Harborside Academy teacher Kristen Singer admitted the email caused her to do a double take.
But she soon realized the news in that message was all too real.
And quite exciting at that.
Singer, who is currently in her fifth year with the school, recently was selected as one of 20 Claes Nobel Educators of the Year recipients by the National Society of High School Scholars.
For her efforts, Singer will receive a $5,000 grant for use at Harborside, where she teaches theatre and choir. A portion of the funds will go toward a future theatrical production, with the rest being used to give students opportunities to see live professional theatrical productions.
According to a press release announcing the award, it is presented to “exemplary educators who have demonstrated an outstanding and noteworthy commitment to preparing their students for success inside and outside of the classroom.”
Singer was nominated for the honor by one of her students, Sofia Roldan, which was the necessary first step toward her eventual selection.
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And that it came from a student made the honor even more special, Singer said.
“That’s the best thing about it,” she said. “Everything I do is for the kids. As a teacher, everything I want them to experience and every opportunity I want them to have is all about them.
“For them to recognize that I am creating those things for (the students) is pretty special. You do it to give them all these opportunities and experiences and hopefully find what it is they want to do in their lives. It’s not a job that gets a lot of recognition. It’s been a tough year, (so) it felt really good, especially in this time period.”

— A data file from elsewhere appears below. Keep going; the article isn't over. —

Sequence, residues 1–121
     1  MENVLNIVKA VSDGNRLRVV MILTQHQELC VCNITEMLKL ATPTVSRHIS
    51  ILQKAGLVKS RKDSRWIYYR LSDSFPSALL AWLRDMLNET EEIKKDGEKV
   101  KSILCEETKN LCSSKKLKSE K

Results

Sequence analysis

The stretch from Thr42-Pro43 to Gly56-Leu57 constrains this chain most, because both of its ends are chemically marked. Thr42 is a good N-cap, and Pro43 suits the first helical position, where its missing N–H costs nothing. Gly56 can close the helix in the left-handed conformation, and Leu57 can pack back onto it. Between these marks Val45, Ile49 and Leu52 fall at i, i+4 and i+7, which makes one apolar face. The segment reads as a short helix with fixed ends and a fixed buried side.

Roldan’s nomination of her teacher gave Singer the chance to write a grant application for the honor, she said, and it came at a perfect time, as she was working toward a master’s degree in musical theatre vocal pedagogy and had just learned the steps to do that.
From there, the rest of the pieces just fell into place.
“If she hadn’t done that, I never would have received this award,” Singer said. “She was the impetus, if you will.”
Fifth year at Harborside
Singer, a 1997 Tremper graduate who also holds a degree in theatre from UW-Parkside, previously taught at Lincoln and Bullen middle schools before she moved over to Harborside.
Harborside is a charter school within the Kenosha Unified School District, and Singer said she’s been excited with the growth of the music program since her arrival.
“It’s pretty exciting that, from my first year to now, that it’s grown,” she said. “It even grew in this pandemic year. That’s pretty exciting. It’s nice to see that, even within our smaller population, we have more and more kids who are getting involved in the arts.
“That’s across the board, too, (it’s also) in band and orchestra. It’s just grown over the years. I think that’s really important. That’s kind of the goal, for it to continue to get bigger.”
And with that growth has been the pure joy she gains from her chosen profession.
“Harborside has been my favorite place that I’ve taught,” Singer said. “It’s the place that I’ve felt the most joy teaching.”
Singer, who worked on a cruise ship after high school and before college, brings plenty of real-world experiences to her students.